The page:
UCLA In the News lists selected mentions of UCLA in the world’s news media. Some articles may require registration or a subscription to view. See more UCLA In the News.

California Latinos of all ages more likely to die from COVID than whites | USA Today

“Latinos are overrepresented in many essential worker categories, from farm workers who provide California’s food to construction workers who build the state’s houses,” the study’s authors wrote, urging the state to prioritize vaccinations and medical care. … “What was astounding was that in every age group, the Latino death rate was multiple times higher than white — multiple,” said David Hayes-Bautista, UCLA professor of public health and medicine and lead author of the study.

Breaking down Biden’s plan to curb gun violence | PBS NewsHour

“Well, these steps are modest steps. They certainly don’t tackle all of the major issues in America’s gun violence problem. However, they’re not insignificant steps,” said UCLA’s Adam Winkler.

How to escape Zoom burnout | National Public Radio

UCLA Psychiatrist Jena Lee says the nature of remote work can feel transactional, with days filled only with answering email or attending Zoom calls. The annoyances sap our sense of motivation. Simple delays like waiting for a colleague to unmute themselves on Zoom, or when our own dogs start barking, can cost us time, attention and patience.

The corrosive health effects of anti-Asian violence | WBUR-FM

Institutions, laws and cultural attitudes need to evolve, says Gilbert Gee, a professor of community health at the University of California, Los Angeles. “A lot of formal channels for reporting hate crimes, they’re not taking the reports seriously. A lot of the time, nothing comes out of the case,” Gee says. “There’s this presumption that it’s a bad apple, a bad apple having ‘a bad day.’ We should consider that maybe there’s rot throughout the entire system, and that means we need to change things structurally as well.”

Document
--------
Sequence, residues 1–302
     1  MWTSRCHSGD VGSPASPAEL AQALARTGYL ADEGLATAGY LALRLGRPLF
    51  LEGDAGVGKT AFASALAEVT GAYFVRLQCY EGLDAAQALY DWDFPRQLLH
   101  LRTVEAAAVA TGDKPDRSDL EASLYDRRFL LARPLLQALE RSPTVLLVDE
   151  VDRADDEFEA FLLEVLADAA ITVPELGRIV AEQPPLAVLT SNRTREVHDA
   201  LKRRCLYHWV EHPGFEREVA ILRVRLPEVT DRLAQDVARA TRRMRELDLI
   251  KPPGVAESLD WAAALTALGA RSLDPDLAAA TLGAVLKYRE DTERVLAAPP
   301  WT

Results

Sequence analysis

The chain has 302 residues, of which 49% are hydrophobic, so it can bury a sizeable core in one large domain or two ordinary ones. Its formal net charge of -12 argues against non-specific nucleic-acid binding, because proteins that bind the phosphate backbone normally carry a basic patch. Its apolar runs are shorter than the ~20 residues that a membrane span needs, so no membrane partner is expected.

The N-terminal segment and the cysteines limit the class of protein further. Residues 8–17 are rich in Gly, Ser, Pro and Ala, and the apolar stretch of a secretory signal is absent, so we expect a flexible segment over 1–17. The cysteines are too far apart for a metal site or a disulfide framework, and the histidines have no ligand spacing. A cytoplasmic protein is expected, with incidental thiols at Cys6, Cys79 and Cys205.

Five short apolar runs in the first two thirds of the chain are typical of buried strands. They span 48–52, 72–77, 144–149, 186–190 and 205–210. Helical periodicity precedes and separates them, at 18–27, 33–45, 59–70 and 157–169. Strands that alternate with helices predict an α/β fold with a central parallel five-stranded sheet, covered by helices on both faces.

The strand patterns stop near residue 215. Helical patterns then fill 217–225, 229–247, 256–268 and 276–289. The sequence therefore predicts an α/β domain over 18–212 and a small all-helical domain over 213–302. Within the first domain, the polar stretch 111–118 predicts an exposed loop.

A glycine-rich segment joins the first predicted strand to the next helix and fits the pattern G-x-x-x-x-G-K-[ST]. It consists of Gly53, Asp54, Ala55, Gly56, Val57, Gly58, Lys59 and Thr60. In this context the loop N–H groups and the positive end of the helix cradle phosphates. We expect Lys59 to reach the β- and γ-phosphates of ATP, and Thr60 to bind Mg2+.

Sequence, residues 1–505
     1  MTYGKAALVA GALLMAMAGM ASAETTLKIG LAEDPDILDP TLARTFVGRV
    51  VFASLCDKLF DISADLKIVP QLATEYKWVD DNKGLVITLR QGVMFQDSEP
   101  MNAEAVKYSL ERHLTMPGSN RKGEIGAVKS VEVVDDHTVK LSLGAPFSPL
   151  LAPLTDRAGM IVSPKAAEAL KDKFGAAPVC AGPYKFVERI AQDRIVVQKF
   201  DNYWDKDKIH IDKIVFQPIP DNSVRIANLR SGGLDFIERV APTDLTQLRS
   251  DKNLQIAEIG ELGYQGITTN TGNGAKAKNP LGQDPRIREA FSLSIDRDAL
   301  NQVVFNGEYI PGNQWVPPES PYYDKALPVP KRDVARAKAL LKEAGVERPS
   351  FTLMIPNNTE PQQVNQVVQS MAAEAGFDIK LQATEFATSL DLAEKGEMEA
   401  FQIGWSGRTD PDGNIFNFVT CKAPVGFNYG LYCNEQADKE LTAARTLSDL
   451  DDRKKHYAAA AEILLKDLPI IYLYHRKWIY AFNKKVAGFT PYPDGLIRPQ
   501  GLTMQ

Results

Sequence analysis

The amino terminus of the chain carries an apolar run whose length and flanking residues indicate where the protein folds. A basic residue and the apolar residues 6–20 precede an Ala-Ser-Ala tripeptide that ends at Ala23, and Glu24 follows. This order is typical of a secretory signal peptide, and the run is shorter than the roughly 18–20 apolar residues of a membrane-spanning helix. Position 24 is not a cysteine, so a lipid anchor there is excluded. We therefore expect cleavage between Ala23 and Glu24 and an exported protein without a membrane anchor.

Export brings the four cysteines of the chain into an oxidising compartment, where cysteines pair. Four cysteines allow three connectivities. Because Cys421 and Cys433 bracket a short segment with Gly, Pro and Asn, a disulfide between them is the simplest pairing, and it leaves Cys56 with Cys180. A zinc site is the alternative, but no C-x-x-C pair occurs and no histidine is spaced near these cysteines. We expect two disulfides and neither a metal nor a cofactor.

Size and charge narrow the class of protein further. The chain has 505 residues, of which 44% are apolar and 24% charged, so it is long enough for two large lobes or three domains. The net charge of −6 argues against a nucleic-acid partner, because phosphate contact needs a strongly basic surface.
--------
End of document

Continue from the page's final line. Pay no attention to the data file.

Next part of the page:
Take me out to the ballgame. On second thought ... | Los Angeles Times

Dr. Anne W. Rimoin, a professor of epidemiology at UCLA and director of the school’s Center for Global and Immigrant Health, welcomes the easing but wonders if it has come too fast. “We have so much good news these days,” she said... “That said, we should learn the lessons from last year: When you open up society, you provide more opportunities for the virus to spread.”

Can a COVID-19 vaccine improve symptoms for people with long COVID? | Heathline

Dr. Joann Elmore, a professor of health policy and management at the UCLA Fielding School of Public Health, said research also needs to be done to clearly define long COVID, or post-acute sequelae of SARS-CoV-2 infection (PASC), as it’s officially known. “I’m seeing patients whose loss of sense of smell — anosmia — is still present 5 to 6 months later,” she said. “That’s certainly a long-term effect.”

No difference between effects of indica and sativa marijuana | Insider

“In the absence of any other useful system to classify marijuana, strain and indica-sativa dichotomy is all breeders and distributors have, kind of like what Winston Churchill said about democracy,” Jeff Chen, the Director of the UCLA Cannabis Research Initiative, told Insider. “It’s the worst system invented, but the best we have.”

I never meant to be a ‘homewrecker’ | Medium

Vickie Mays, a Professor at UCLA Fielding School of Public Health, believes that mental health extends beyond the individual who experiences it. She states, “We know when people have a psychiatric disorder, it’s not good for any of us.”

Spring clean your brain | Parade

“Exercise makes the brain bigger, especially the areas needed for memory,” says Gary Small, M.D., director of the UCLA Longevity Center and co-author of The Small Guide to Alzheimer’s Disease. “A bigger brain is a better brain.”

How to meditate | The Healthy

“A meditation practice — specifically mindfulness — can be particularly helpful, as the science shows it reduces stress, helps with insomnia, builds the immune system, and is helpful for working with anxiety and other challenging emotions, among other scientific findings,” says Diana Winston, director of mindfulness education at the UCLA Mindful Awareness Research Center in Los Angeles and the author of The Little Book of Being.